British Bakels marks 75th anniversary with deep dive into the baking industry of tomorrow

By Gill Hyslop

- Last updated on GMT

Happy birthday Bakels. Pic: GettyImages/filmfoto/Perlav
Happy birthday Bakels. Pic: GettyImages/filmfoto/Perlav

Related tags British Bakels 75th anniversary trendspotting Baking industry Insects Climate change Food waste AI Genetically modified food

Bakels is celebrating its diamond jubilee with the release of a report that looks back on the bakery ingredients specialists’ key achievements, the global baking industry’s landmark moments, and what could lie ahead for the next seven decades.

Founded on 25 February 1947, the Bicester-headquartered company is part of the Bakels Group Worldwide, which produces over 2,000 bakery products and employs almost 3,000 people across the globe.

“We are thrilled to be celebrating 75 years of success. It’s hard to believe that food rationing and the ‘National Loaf’ were in place when we first set up British Bakels in 1947,”​ said Paul Morrow, chairman of British Bakels.

“Since then, there’s been a revolution in both technology and ingredients and today’s consumers enjoy a vast array of different breads and baked goods.”

Aligned with its philosophy to think ahead, Bakels collaborated with food futurist Lydon Gee to produce Baking Past, Present and Future,​ which takes a deep dive into the key trends that are expected to impact the future of the baking industry.

Novel ingredients, sustainability, technology, consumer behaviours and ethics are all forecast to influence the baking landscape.

Shroom boom and other novel ingredients

Nutrition as therapy will become a thing: think prescription loaves, bespoke functional cakes and fortified everything.

According to the report, new, unique ingredients will become everyday foods, with huge growth forecast expected for algae and seaweed, and insets, thanks to their impressive nutritional profiles and versatilities.

A ’shroom boom’ is also expected, especially functional psychoactive mushrooms – for their mental health benefits, their ability to form an edible framework for flavour, and for their growing role in edible packaging.

Genetically edited and food waste

The need to combat climate change is no longer just table talk, with scientists and researchers jumping on board to develop sustainable alternatives.

Genetic editing will become more important, such as grains to survive on very little water and hybrid plants that are easier to grow and turn into food.

The use of 3D printing will grow, particularly as the demand for customised products, personalised nutrition, automated cooking, reduction in waste and increasing product flexibility (think cuboid fougasse) increases.

The report also noted that sharing apps such as Olio or Too Good to Go will expand and regulation may make food waste illegal in the food production and retail sectors.

AI, robots and real time

Technological developments will continue to lead change in the baking sector.

According to the report, artificial intelligence (AI) will play an integral role in industrial baking, from the increasing adoption of robots that can create thousands of new flavours, ingredients and aromas combinations – to smart tech to analyse real time sales, data and buying habits.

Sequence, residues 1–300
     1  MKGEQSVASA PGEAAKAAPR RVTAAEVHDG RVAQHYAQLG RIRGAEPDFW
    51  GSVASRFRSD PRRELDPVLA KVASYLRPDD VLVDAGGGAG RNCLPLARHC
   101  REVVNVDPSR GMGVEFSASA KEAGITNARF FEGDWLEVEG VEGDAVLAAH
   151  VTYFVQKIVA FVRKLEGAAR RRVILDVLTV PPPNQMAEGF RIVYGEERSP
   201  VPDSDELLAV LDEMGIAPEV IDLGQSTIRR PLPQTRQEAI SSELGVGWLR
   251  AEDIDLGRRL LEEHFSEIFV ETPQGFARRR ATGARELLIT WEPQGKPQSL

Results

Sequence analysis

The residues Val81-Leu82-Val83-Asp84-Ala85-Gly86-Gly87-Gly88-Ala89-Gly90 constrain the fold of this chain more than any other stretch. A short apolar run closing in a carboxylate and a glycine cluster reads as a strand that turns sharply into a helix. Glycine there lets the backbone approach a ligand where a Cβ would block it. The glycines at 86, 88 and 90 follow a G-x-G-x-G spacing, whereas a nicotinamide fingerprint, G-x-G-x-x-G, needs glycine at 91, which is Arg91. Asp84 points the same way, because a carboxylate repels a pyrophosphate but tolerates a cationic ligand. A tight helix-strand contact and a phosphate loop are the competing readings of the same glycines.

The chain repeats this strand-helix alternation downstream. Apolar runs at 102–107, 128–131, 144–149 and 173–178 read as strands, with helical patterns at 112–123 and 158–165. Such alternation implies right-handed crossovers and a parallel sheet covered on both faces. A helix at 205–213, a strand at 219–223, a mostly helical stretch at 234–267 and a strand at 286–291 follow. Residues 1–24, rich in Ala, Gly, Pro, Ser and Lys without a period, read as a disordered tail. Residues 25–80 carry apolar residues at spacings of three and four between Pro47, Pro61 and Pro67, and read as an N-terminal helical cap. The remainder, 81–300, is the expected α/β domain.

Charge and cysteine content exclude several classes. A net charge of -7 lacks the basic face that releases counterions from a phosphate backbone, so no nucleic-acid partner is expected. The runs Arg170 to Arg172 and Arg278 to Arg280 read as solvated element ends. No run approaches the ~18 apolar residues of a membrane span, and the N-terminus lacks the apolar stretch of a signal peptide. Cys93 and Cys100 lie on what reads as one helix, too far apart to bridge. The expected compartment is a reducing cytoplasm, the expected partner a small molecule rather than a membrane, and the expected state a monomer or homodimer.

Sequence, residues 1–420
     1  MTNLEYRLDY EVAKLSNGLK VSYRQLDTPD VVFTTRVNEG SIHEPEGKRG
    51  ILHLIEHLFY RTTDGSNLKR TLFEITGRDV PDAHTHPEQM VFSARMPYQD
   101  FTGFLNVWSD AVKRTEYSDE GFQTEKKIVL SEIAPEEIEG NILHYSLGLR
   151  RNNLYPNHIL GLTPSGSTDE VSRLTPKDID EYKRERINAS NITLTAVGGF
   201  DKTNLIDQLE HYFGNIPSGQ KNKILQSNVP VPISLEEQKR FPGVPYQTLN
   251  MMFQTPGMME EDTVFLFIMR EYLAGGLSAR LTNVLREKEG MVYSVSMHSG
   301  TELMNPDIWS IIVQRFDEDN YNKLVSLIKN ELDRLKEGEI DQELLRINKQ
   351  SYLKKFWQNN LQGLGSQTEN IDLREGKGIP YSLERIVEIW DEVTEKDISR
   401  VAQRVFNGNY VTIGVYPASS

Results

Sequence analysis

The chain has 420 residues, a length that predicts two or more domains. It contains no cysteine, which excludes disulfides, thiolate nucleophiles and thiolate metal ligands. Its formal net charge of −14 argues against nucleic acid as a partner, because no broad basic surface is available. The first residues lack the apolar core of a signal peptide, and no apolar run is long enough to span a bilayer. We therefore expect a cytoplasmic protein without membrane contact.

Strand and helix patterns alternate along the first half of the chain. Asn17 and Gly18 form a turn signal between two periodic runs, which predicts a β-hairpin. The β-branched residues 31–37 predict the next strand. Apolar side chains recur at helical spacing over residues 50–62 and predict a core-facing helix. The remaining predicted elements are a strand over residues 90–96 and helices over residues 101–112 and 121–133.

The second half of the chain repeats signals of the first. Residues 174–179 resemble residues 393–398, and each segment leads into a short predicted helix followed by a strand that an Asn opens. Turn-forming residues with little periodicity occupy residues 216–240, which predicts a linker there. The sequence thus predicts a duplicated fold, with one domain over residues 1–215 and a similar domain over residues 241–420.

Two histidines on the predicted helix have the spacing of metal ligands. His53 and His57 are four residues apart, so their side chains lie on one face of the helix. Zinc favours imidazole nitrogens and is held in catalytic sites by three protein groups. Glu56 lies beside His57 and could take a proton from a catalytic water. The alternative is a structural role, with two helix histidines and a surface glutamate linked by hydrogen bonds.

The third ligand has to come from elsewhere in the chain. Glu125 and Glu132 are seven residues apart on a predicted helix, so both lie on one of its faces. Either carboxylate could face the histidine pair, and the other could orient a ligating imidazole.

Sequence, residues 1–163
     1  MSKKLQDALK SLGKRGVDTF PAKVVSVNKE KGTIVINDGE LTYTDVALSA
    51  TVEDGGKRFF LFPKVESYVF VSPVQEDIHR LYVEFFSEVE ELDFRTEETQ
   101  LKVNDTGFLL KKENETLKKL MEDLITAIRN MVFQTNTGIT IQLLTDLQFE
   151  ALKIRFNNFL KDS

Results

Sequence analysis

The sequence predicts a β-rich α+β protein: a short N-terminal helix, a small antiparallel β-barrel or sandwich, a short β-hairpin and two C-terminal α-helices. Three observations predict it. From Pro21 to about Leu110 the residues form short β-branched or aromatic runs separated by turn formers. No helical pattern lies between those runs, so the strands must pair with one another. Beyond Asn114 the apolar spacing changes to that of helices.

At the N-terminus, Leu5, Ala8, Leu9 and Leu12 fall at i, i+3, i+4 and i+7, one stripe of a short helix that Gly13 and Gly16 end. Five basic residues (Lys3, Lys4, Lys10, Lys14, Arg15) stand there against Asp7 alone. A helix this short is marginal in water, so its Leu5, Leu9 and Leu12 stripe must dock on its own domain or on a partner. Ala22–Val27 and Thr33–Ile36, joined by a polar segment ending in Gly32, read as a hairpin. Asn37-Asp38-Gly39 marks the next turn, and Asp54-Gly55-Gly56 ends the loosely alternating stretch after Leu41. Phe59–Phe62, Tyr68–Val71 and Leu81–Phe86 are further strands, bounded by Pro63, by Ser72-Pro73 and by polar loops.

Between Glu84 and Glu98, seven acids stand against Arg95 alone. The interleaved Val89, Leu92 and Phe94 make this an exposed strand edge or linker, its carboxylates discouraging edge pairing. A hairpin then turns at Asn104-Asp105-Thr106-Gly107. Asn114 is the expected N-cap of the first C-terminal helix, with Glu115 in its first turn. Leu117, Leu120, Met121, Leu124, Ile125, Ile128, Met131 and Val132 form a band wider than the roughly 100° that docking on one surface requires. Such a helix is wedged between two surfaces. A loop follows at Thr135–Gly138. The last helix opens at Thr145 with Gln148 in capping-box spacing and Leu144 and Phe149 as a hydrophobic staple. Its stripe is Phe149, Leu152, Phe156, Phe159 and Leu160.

Food/TV tech becomes a multisensory experience, from point of sale to hoe entertainment and online shopping.

Ethical snacking

Where consumer behaviour is concerned, ethics will become even more important. In fact, a survey conducted by British Bakels for the report found that 75% of consumers are already focused of the environmental impact of the products they buy – which is increasingly driving their purchasing decision.

This statistic is expected to ramp up, particularly among Gen-Zs.

This is placing pressure on producers to adopt self-sufficient green energy (solar/hydro/wind powered) production units, with new sources like hydrogen expected to come online in the 2030s.

Consumers are also expected to increasingly place importance on criteria like gut health, protein, veganism and plant-based, delivery on demand and premiumisation.

At the forefront of everything we do

“Over the next decade, sustainability will be at the forefront of everything we do,”​ said Morrow.

“Responsible sourcing, reducing food waste, health and plant-based solutions form integral parts of our strategy for the future, aligning with increasing customer expectation. This dynamic ethos is very entrepreneurial in that we are constantly finding new ways to support our customers.

Innovation and NPD are at the heart of British Bakels. A great example is the Multiseed Bread Concentrate launched in 2004 – still the company’s biggest seller – contributing to the production of 276 million loaves of bread each year.

Other standout products include Hercules baking powder, Ovelett sponge emulsifier and Actiwhite meringue mix in the 1950s; and the just-add-water mix for coconut macaroons and first batch of Millionnaires Caramel in the 70s.

But its product successes over the past 75 years have been vast – creating an extensive portfolio for both retail and food service, which find their way into over 2.36 billion burger buns each year, as well as 129 million Danish pastries and 115 million doughnuts.

“While trends and ingredients will certainly evolve in the future, the core business model will not change,” ​added Morrow.

“Bakels develop products to meet consumer and customer needs, manufacture them safely and efficiently, and offer technical application support to foster long term sustainable relationships. That’s what British Bakels have done for the past 75 years and will continue to do for the next.” 

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